Side-effects

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Blood pressure medication side effects

Blood pressure medication side effects


A side-effect is any unwanted effect of medicines that you are taking. Some people can have side-effects from blood pressure ­medicines. ­Although these can be uncomfortable, they are usually not dangerous. They sometimes wear off over time, or your doctor or nurse can adjust your medicines to get rid of them.


Do all blood pressure ­medicines have side-effects?

Any medicine can have side-effects, and blood pressure medicines are no different. This does not mean that you will definitely have side-effects from your medicines. Most people who take blood ­pressure medicines will have no problems at all.

There is usually no way to know if you will have side-effects from your medicine. If you do, you will usually notice them soon after starting a new ­medicine, or if the dose of your medicine is increased.

Different people can have different side-effects from the same medicine. For example, some ­people taking ACE inhibitors can have a dry cough. Other people taking the same medicine may have no cough, but may feel dizzy or have an upset stomach.

If you have problems with one medicine, this does not mean that all blood pressure medicines will give you side-effects. Other medicines may help your blood pressure with no difficulties at all.


How can I tell if what I am ­feeling is a side-effect?

Most medicines will come with an information leaflet which will have a list of known side-effects. These lists are often very long, but no one will ever have all of the difficulties mentioned. If you are worried about your medicines, it is best to speak to your doctor, nurse, or pharmacist.

Sometimes what you think is a side-effect may be something else. For example, your blood pressure medicines could be reacting with other medicines you are taking. Make sure your doctor or nurse knows about all the medicines you are taking. This includes herbal medicines and over-the-counter treatments like cold remedies.

Other times, what you are feeling may not be ­related to your blood pressure medicines at all. What you may think is a side-effect could easily be a virus or infection.


How can I get rid of ­side-effects?

If you are having side-effects, you may be tempted to stop taking your medicines. Do not do this without speaking with your doctor or nurse. Stopping your medicines will raise your blood pressure again, putting you at risk of serious health problems.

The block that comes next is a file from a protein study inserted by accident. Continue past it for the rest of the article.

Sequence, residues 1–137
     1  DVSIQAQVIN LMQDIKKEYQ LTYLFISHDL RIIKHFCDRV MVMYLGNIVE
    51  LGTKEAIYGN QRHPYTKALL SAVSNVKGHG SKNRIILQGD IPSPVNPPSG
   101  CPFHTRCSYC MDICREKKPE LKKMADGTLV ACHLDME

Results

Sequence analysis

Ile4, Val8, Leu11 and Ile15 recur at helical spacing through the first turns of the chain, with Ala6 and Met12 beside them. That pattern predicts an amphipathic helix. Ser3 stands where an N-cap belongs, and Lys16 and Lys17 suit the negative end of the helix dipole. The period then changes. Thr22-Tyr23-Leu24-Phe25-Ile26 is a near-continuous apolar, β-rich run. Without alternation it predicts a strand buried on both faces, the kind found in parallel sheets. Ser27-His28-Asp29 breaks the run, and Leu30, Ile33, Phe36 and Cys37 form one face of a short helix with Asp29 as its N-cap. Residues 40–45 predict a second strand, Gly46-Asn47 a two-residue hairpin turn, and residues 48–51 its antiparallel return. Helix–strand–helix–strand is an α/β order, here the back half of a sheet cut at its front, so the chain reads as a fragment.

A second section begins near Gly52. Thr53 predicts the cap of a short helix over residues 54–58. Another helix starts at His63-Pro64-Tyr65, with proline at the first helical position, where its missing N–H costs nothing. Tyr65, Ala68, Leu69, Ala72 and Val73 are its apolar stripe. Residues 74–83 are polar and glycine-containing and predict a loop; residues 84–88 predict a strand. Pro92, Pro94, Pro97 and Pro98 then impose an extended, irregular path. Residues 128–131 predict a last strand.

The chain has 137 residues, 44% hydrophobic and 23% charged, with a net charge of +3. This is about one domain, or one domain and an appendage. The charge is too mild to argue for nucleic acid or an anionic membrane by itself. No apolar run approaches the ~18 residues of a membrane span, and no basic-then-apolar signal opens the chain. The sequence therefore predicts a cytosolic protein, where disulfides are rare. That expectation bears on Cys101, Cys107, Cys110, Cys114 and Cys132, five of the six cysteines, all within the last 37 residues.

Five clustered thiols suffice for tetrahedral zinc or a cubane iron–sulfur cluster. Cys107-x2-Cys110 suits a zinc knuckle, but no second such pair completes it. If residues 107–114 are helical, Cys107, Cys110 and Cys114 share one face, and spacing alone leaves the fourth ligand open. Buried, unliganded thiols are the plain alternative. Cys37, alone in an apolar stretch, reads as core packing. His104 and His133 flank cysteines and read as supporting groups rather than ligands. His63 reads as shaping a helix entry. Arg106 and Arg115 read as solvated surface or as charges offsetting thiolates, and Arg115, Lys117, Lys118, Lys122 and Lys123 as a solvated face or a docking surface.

Many side-effects wear off after time, as your body adjusts to the medicine you are taking. If they are minor, then you may be able to put up with them to keep your blood pressure under ­control. But if they make it difficult for you to carry on with your daily life, then your doctor or nurse can help.

You may be able to take a lower dose of your medicine, on its own or together with another medicine. Taking two or more medicines at lower doses may be as effective at lowering your blood pressure as one medicine at a high dose, and would be less likely to cause you side-effects.

Alternatively, your doctor or nurse may change your medicines entirely. There is a wide range of blood pressure medicines available, and just because one medicine gives you side-effects does not mean that they all will.

If you are having great difficulty controlling your blood pressure without side-effects, your GP may ­suggest an appointment with a blood pressure specialist. A specialist can often help you get the right balance between good control of your blood pressure, and possible problems with your medicines.


Reporting side-effects

Any medicine can have side-effects, but some of these will not be noticed until many people have used the medicine over a long time. The Yellow Card scheme allows you to report suspected side-effects from any ­medicine that you are taking. This is especially useful if you are taking a newer medicine. The scheme is run by the Medicines and Healthcare products Regulatory Agency (MHRA).

For more information on reporting medicine side-effects, speak to your doctor, nurse or pharmacist. Alternatively, go to http://www.mhra.gov.uk/  or call the Yellow Card hotline on (freephone) 0808 100 3352.

Published May 2009


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